The past few months have been difficult, with post surgery complications on my left wrist, however I’ve been getting my dolls together for my next book and just finished a 850 word poem for a doll with many interesting attachments.
Spring on it’s way to the north land after a very snowy winter love to all Imelda.
I have 46 people who want dolls. So far I have 21 of them dressed and 7 poems written and the rest in the planning stages. Will be some very interesting stories to write poems about. I really enjoy getting ready to write the second edition called Personolly Yours Too.
I also recently moved my sister-in-law Liz back to Ashland where my daughter Julie will help me take care of her. I’ve been taking care of Liz going on 7 years now and her dementia is getting worse.
I have had two cataract surgeries and still in post operative recovery for one month. Cannot get corrective lens for another month, so I see more clearly but not good yet for reading or close up.
These are my new glasses, what do you think?
At age 87, Imelda Dickinson is on a mission to contribute
her talents and to help people for as long as she is able.
The Superior woman works in health care and spends
what time she can on a variety of hobbies, including
sewing, gardening and writing. She retired at 65, but missed
working, so she spends 35 hours a week in home health
care, taking care of family members.
She began sewing lap quilts for disabled veterans and gets them to people in need through local groups. And you can even find her online at ImeldaDickinson.com.
Dickinson enjoys sharing stories and last year published
“Personolly Yours,” a collection of poetry and prose that tells
stories through the eyes of a doll.
“It’s a collection of 44 stories that I started writing 25 years ago. I would dress up a doll for a story I wanted to tell. The first one was Emily Dickinson. My father was related to her.”
What Dickinson shares includes some fantasy, but is in large part true stories from her interesting life.
Dickinson is originally of Saint Cloud, Minn., one of 13 siblings who lived in a 14- room house. She speaks fondly of her family — particularly her parents. As a girl, she spent time climbing trees and listening to her parents play music. Her mother could play eight instruments, and music was valued in the family. The children would trade chickens for music lessons. “In earlier years, Mom and Dad started a western band,” Dickinson said. “It was in the depression years.”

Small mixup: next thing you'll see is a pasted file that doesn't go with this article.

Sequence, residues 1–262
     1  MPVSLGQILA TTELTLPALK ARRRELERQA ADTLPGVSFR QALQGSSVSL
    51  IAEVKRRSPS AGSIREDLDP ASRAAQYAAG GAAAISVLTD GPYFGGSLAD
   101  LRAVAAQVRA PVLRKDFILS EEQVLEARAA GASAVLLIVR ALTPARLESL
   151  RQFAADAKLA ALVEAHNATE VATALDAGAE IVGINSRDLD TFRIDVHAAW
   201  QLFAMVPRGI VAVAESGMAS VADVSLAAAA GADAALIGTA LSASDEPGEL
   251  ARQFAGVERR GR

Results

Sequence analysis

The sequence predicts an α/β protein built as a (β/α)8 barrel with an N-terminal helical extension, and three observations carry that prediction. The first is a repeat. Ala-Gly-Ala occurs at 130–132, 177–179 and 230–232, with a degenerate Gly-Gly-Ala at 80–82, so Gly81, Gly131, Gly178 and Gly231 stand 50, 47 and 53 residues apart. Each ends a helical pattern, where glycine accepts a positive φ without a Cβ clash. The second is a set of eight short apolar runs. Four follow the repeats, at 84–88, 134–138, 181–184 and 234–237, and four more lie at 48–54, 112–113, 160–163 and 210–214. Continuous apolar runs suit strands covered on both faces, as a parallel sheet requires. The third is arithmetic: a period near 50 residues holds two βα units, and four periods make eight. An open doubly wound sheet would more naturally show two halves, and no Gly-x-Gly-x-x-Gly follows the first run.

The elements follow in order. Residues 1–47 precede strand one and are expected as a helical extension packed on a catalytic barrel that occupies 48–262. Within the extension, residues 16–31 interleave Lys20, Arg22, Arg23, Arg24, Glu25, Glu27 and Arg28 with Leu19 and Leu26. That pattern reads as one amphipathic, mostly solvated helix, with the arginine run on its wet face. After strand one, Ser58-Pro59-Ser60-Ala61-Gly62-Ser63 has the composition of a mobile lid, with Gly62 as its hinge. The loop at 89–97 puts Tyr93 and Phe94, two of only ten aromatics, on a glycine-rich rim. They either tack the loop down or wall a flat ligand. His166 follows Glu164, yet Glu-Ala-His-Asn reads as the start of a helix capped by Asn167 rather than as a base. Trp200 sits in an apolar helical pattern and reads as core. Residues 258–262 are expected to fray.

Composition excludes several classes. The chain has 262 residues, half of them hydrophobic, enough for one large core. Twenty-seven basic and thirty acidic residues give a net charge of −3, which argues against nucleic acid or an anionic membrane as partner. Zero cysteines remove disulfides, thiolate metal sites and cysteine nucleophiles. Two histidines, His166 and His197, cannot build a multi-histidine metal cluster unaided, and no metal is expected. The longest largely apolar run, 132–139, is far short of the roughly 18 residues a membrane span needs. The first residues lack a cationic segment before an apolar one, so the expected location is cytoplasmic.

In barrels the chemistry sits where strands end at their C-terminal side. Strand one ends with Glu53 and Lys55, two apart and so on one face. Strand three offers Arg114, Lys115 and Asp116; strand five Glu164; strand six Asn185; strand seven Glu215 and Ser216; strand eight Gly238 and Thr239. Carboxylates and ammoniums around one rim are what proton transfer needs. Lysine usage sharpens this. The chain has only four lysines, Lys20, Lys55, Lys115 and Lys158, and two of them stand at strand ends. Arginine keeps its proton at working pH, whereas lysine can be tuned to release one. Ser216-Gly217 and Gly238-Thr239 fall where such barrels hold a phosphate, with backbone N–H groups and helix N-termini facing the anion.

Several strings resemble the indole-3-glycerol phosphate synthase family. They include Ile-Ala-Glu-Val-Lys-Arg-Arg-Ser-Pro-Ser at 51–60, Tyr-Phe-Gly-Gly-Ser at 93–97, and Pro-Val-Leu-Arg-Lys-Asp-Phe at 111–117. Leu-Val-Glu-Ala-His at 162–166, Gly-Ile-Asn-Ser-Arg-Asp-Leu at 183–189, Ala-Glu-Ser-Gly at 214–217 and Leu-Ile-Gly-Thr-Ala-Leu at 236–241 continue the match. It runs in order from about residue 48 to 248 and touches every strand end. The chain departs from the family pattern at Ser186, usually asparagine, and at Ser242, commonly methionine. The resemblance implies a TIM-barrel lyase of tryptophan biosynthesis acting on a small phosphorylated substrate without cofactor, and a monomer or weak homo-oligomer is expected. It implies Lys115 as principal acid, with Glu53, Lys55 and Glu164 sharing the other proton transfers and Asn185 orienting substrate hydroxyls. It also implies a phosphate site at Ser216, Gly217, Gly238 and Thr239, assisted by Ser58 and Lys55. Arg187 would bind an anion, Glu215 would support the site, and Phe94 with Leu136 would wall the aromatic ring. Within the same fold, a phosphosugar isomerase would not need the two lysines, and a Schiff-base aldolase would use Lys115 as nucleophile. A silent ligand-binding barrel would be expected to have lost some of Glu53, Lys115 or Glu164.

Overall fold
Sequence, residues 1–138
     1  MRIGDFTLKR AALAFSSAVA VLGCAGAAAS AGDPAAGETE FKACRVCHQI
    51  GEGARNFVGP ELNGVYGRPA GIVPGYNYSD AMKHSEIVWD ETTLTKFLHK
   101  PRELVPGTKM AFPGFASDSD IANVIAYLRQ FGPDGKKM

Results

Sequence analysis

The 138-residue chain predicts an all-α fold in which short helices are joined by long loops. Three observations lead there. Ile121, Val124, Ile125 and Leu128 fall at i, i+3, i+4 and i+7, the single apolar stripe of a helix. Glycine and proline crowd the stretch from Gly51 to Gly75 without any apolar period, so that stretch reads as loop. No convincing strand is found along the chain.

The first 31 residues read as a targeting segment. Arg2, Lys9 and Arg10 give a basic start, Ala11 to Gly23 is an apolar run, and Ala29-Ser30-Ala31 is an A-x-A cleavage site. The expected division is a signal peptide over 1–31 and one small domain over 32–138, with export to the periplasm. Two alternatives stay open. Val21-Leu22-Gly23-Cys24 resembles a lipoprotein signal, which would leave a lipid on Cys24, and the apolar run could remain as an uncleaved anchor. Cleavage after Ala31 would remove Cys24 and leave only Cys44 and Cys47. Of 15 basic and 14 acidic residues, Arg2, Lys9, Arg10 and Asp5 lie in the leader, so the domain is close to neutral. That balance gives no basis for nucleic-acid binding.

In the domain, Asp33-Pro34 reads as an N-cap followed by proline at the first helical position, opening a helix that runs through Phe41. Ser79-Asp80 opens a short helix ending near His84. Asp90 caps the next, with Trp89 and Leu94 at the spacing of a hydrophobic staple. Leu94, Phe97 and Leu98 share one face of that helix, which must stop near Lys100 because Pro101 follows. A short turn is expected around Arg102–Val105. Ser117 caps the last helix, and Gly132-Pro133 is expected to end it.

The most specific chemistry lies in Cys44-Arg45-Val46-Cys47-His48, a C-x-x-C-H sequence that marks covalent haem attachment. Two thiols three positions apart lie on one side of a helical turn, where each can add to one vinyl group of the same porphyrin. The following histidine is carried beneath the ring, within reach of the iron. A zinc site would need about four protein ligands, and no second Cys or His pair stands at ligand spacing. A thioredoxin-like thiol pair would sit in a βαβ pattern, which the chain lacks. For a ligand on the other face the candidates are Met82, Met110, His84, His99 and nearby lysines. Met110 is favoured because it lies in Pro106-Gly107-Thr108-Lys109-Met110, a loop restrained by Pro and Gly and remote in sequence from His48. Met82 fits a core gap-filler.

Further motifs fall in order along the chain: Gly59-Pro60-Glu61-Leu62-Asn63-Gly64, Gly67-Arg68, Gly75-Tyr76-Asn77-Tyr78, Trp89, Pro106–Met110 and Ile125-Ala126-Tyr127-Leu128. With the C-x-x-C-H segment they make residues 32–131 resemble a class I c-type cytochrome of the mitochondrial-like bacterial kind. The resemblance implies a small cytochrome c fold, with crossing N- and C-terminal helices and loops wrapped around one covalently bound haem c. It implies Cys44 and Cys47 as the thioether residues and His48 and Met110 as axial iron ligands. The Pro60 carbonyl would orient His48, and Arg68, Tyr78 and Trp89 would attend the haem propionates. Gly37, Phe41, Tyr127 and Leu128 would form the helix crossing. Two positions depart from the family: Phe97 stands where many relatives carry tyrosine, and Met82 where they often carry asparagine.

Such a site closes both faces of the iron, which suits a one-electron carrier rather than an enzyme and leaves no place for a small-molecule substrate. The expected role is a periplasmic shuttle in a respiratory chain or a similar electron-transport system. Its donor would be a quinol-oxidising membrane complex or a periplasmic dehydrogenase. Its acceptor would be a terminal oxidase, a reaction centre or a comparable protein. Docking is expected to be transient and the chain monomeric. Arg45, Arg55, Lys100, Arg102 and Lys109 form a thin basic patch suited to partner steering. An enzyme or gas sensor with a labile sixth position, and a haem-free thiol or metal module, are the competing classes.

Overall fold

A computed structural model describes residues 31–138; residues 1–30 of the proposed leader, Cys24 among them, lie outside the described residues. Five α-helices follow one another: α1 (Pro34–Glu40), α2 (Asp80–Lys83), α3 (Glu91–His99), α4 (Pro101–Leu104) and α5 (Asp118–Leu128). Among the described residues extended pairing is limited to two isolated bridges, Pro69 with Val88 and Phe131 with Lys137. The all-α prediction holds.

Dickinson’s father was a hardworking man who loved his family. He was educated only through the fourth grade and helped raise his nine siblings. He grew up to build a family farm of his own and work full time. Dickinson’s mother was born on a farm.
When they had their own kids, farming continued to be an important part of their lives. Dickinson’s family lived on a 250-acre farm. They raised cows and tended a one-acre garden by the house. One of Dickinson’s chores was to clean the machine used to milk the cows. In the summer, she plucked potato buds and pulled weeds. She helped clean canning jars since her hands
were just the right size. The girls often helped their mother cook meals for the family and do laundry.
The family would play card games and listen to the radio. Some of their favorite programs were “The Lone Ranger,” “The Twilight Zone” and “Inner Sanctum.” Once they got a television, they would watch the “Lawrence Welk Show.”
When the circus arrived in town, Dickinson’s father would take them to see the show.
The children would go skating at a field near their house in the winter and check out books from the library.
As they grew, their parents allowed them to go to the Coliseum Dance Hall for dances — on the condition that one of the brothers would make sure they got home. Every Sunday, Dickinson’s family would attend church. The family needed two pews to sit together.
Dickinson grew to have her own family: three daughters, five grandchildren, one great-grandchild, and eight great great- grandchildren.
She was the first in her family to earn a high school education. She earned a master’s degree in natural health — the lessons her parents taught Dickinson on the farm took root and grew with her over the years. She loves fresh vegetables and sharing her knowledge with others. Healthy living is something she’s passionate about teaching. She has taught classes on vegetarian eating and handling stress.
Even today, when the weather allows, Dickinson can
be found growing peas, carrots and other vegetables, and tending her flowers. She continues to haul wood, rake leaves and shovel snow. “Be kind to one another and value friendships,” she advised. “Appreciate small things; they happen more often. I go to bed and thank God for another day of life.”
With an eye on the future, there is a second edition in the works titled “Personolly Yours, Too.” Dickinson is still working on it and looks forward to sharing more stories and adventures.
Let’s meet! I will be at the St. Cloud Public Library MN in the Mississippi room on the first floor on Monday April 2nd 2018 from 7 to 9 pm.
I will be reading excerpts from my book “Personolly Yours”, answering questions and signing copies during a meet and greet. I look forward to seeing you there!
It is snowing up to ten inches tonight here in the Northland as I am inside, safe and warm writing a poem for one of my dolls to be gifted for my second book. So far I have 14 people selected for the book and four pending acceptance. Fun.
My wrist is not healing as it should. Hope I am not allergic to the plate that was placed surgically. My cracked right rib is doing well with natural treatments and rest. I don’t have time to be an invalid with better things to do. ha ha ha.
I am scheduling a poetry reading in my home town of St. Cloud, MN right after Easter. I will be interviewed beforehand by request of a reporter of The Daily Times, the local newspaper as soon as the Librarian schedules date and time
This beautiful Hibbing winter wonderland photo is from Dale Gordon
You may remember that I broke my wrist a few months ago while pulling a sled full of bricks across my sidewalk. Well, I’m happy to report that I’m through with physical therapy now! I’m able to use my hand and I’m even driving again. Boy did I miss that! Thank you all so very much for the warm and loving wishes I received.
On another note, I’m thinking about writing my second book; “Personolly Yours Too”.
Stay tuned and I will keep you posted.
“Dollies” have long inspired Imelda Dickinson of Superior.